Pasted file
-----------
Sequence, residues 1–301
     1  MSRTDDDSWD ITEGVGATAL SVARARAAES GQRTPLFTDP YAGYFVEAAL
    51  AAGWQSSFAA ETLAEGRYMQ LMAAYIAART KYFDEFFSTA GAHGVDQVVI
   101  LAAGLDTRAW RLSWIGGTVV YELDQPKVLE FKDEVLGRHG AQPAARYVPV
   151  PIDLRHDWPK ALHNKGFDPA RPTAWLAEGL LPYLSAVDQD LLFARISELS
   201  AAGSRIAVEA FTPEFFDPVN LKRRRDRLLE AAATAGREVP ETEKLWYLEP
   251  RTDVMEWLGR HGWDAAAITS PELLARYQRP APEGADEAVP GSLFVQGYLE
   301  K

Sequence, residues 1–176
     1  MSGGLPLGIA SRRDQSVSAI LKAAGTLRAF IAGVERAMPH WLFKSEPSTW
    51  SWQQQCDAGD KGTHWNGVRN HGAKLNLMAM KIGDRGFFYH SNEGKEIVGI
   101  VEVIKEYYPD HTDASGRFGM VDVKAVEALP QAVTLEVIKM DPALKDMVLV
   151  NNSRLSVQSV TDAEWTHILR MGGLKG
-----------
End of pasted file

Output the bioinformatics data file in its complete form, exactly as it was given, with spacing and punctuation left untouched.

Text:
Sequence, residues 1–301
     1  MSRTDDDSWD ITEGVGATAL SVARARAAES GQRTPLFTDP YAGYFVEAAL
    51  AAGWQSSFAA ETLAEGRYMQ LMAAYIAART KYFDEFFSTA GAHGVDQVVI
   101  LAAGLDTRAW RLSWIGGTVV YELDQPKVLE FKDEVLGRHG AQPAARYVPV
   151  PIDLRHDWPK ALHNKGFDPA RPTAWLAEGL LPYLSAVDQD LLFARISELS
   201  AAGSRIAVEA FTPEFFDPVN LKRRRDRLLE AAATAGREVP ETEKLWYLEP
   251  RTDVMEWLGR HGWDAAAITS PELLARYQRP APEGADEAVP GSLFVQGYLE
   301  K

Sequence, residues 1–176
     1  MSGGLPLGIA SRRDQSVSAI LKAAGTLRAF IAGVERAMPH WLFKSEPSTW
    51  SWQQQCDAGD KGTHWNGVRN HGAKLNLMAM KIGDRGFFYH SNEGKEIVGI
   101  VEVIKEYYPD HTDASGRFGM VDVKAVEALP QAVTLEVIKM DPALKDMVLV
   151  NNSRLSVQSV TDAEWTHILR MGGLKG